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James Cameron donates his $10 million deep sea submarine to ocean research group

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Deepsea Challenger
Deepsea Challenger

It's the one-year anniversary of James Cameron's expedition into the deepest crevice of the deepest place on Earth, the Challenger Deep in the Mariana Trench, and the director / oceanographer is celebrating generously. Today Cameron announced that he will donate his privately-developed submarine, the $10 million Deepsea Challenger, to further ocean research at the non-profit Woods Hole Oceanographic Institution in Masachussetts.

"Our sub is a scientific proof-of-concept, and our partnership with the Woods Hole Oceanographic Institution is a way to provide the technology we developed to the oceanographic community," Cameron said in a statement. A longtime advocate of deep sea research, he will join Woods Hole as an adviser.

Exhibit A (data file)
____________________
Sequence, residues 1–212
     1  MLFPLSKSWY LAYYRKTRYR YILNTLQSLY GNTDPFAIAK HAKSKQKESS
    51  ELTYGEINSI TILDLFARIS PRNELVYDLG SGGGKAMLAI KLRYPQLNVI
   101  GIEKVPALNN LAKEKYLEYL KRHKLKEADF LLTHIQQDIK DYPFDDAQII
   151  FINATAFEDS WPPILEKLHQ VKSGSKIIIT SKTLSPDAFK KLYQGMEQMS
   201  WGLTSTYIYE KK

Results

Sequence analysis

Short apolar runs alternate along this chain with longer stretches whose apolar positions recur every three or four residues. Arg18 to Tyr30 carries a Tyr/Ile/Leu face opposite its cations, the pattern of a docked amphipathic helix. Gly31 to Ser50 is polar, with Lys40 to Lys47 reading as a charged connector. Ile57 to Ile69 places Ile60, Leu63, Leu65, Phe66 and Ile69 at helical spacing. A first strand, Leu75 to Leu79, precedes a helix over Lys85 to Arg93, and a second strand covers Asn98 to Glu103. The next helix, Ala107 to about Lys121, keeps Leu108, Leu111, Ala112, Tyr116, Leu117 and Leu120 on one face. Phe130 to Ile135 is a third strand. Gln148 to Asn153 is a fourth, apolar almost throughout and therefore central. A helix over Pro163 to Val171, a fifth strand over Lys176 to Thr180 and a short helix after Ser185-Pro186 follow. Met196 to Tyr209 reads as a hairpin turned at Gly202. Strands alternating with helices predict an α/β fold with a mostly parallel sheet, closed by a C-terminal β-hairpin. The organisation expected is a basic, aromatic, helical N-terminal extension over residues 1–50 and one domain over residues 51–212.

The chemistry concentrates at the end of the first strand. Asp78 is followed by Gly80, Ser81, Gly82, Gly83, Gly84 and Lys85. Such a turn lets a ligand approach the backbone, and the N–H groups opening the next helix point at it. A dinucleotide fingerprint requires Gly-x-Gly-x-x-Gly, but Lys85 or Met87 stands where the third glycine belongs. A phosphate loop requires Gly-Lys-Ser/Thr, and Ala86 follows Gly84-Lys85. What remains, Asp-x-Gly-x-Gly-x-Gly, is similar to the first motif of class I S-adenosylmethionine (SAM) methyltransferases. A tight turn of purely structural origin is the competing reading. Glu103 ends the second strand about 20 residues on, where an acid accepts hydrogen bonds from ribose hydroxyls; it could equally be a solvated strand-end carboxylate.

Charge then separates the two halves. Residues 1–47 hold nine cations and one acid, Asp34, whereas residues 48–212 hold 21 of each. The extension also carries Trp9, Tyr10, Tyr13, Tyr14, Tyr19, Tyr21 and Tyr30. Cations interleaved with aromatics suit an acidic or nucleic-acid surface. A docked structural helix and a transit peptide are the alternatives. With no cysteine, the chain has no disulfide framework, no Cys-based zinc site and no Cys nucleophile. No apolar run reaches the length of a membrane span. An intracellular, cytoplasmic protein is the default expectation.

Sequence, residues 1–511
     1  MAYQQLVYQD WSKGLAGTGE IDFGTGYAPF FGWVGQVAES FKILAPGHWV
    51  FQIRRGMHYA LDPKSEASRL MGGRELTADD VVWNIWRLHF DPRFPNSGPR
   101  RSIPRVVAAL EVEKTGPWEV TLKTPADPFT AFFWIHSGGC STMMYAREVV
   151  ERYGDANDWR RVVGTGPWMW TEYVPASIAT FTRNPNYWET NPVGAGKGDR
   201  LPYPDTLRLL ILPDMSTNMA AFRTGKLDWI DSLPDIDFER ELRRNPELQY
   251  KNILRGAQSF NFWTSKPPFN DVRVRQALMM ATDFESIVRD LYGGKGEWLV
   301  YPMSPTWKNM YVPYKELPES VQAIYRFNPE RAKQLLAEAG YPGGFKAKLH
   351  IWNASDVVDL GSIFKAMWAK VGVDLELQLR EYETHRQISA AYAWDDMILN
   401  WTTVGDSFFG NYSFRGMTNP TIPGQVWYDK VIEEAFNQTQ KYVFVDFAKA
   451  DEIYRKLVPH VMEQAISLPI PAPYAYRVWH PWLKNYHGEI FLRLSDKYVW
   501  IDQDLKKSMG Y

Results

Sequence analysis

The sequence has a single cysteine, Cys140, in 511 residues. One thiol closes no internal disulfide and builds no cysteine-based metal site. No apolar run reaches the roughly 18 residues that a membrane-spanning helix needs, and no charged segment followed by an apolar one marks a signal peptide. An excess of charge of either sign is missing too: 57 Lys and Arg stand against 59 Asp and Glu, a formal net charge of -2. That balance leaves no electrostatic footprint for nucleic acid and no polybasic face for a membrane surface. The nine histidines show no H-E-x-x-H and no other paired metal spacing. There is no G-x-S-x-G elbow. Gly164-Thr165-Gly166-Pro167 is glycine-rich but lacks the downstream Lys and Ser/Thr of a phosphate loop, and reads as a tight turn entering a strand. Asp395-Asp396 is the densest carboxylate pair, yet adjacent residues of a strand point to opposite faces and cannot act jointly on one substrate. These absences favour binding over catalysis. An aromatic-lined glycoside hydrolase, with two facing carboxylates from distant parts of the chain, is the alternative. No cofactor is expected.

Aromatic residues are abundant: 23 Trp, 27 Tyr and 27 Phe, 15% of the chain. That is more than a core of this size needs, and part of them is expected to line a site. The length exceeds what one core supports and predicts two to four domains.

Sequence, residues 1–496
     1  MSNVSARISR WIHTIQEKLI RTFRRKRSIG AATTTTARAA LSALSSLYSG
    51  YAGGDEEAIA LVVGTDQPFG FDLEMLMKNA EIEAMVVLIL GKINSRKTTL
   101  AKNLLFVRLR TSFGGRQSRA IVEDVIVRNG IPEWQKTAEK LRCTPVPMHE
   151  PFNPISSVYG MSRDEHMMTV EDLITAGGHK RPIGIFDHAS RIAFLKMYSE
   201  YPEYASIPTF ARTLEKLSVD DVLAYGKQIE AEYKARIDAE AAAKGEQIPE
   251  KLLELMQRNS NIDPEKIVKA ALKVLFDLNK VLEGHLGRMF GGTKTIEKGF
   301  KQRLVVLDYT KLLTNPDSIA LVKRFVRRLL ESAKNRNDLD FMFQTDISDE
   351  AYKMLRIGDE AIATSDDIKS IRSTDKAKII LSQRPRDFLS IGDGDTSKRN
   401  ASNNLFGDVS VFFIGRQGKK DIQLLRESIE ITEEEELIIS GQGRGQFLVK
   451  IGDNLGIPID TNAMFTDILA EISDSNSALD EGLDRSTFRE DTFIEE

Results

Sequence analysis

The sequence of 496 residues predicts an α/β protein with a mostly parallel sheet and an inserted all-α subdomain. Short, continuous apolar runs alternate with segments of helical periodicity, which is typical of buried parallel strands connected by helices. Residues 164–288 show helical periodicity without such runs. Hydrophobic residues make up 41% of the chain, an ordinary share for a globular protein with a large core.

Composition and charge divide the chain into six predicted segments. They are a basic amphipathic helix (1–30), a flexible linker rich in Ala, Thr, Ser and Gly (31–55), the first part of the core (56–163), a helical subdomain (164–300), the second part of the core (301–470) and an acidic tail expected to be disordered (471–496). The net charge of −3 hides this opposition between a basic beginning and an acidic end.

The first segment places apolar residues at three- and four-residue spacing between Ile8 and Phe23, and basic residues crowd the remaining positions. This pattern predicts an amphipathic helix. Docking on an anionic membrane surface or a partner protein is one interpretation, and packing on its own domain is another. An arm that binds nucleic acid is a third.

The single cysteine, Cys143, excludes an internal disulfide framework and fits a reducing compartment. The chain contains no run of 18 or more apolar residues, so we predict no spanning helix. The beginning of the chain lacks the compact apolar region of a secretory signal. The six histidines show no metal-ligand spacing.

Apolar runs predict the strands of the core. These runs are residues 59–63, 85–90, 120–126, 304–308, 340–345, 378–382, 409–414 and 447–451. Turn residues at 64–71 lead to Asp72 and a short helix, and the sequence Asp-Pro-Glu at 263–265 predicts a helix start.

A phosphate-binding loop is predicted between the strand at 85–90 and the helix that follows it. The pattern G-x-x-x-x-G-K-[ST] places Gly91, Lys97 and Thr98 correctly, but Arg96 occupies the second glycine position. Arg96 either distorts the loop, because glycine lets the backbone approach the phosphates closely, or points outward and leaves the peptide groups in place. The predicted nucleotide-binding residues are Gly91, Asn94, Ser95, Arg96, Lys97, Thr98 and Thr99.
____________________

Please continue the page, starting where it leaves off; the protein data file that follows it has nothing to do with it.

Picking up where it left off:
The sub took seven years to develop

The sub took seven years to develop and incorporated several innovative features, including a unique vertical design and a tiny stereoscopic camera capable of withstanding high pressure. Last year, Cameron's first expedition in the Deepsea Challenger set a world record for the deepest solo dive at 5.1 miles. He and his crew followed up with a 6.7 mile dive — deeper than an inverted Mt. Everest.

Cameron's best known for his blockbuster films, but his fascination with the ocean is reflected in both Titanic and The Abyss, which was hailed as the "most ambitious underwater movie ever attempted." The daredevil director is already planning his next deep dive; at this rate, his science resume may one day rival his IMDB profile.